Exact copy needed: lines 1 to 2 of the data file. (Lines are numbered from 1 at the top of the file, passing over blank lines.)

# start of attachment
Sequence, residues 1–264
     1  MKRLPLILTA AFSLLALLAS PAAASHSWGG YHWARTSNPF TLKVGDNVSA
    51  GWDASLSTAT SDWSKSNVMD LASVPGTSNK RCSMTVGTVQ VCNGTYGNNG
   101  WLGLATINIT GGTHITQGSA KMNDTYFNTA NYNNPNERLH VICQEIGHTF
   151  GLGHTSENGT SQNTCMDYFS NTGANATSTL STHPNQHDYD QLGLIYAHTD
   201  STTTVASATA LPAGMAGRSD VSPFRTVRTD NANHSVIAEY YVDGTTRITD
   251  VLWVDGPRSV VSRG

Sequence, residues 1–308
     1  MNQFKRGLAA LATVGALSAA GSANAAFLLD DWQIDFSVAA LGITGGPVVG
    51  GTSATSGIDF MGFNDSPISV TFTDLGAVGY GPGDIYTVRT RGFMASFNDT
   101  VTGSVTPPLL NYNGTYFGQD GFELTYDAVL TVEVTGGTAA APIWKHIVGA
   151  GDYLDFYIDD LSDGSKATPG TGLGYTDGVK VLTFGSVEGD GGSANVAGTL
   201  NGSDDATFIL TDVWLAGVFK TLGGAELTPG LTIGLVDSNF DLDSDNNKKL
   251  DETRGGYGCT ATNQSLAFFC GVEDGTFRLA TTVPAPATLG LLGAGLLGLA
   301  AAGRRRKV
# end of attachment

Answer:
Sequence, residues 1–264
     1  MKRLPLILTA AFSLLALLAS PAAASHSWGG YHWARTSNPF TLKVGDNVSA